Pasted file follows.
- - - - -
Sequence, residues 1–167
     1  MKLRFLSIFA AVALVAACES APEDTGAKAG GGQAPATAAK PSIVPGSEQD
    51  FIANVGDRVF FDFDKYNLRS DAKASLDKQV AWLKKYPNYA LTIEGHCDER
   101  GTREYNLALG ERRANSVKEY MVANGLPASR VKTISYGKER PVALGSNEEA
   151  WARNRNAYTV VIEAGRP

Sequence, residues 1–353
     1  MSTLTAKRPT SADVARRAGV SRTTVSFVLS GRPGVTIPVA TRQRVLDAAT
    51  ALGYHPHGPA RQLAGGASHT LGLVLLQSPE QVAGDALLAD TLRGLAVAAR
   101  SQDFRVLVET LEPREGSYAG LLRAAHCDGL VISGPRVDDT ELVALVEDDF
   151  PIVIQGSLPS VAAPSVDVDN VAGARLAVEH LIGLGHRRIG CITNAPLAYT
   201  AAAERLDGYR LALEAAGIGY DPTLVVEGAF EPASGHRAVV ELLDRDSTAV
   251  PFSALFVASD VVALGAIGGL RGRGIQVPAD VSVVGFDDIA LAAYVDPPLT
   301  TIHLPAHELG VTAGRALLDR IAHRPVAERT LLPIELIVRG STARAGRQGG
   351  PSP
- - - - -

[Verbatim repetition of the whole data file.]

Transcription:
Sequence, residues 1–167
     1  MKLRFLSIFA AVALVAACES APEDTGAKAG GGQAPATAAK PSIVPGSEQD
    51  FIANVGDRVF FDFDKYNLRS DAKASLDKQV AWLKKYPNYA LTIEGHCDER
   101  GTREYNLALG ERRANSVKEY MVANGLPASR VKTISYGKER PVALGSNEEA
   151  WARNRNAYTV VIEAGRP

Sequence, residues 1–353
     1  MSTLTAKRPT SADVARRAGV SRTTVSFVLS GRPGVTIPVA TRQRVLDAAT
    51  ALGYHPHGPA RQLAGGASHT LGLVLLQSPE QVAGDALLAD TLRGLAVAAR
   101  SQDFRVLVET LEPREGSYAG LLRAAHCDGL VISGPRVDDT ELVALVEDDF
   151  PIVIQGSLPS VAAPSVDVDN VAGARLAVEH LIGLGHRRIG CITNAPLAYT
   201  AAAERLDGYR LALEAAGIGY DPTLVVEGAF EPASGHRAVV ELLDRDSTAV
   251  PFSALFVASD VVALGAIGGL RGRGIQVPAD VSVVGFDDIA LAAYVDPPLT
   301  TIHLPAHELG VTAGRALLDR IAHRPVAERT LLPIELIVRG STARAGRQGG
   351  PSP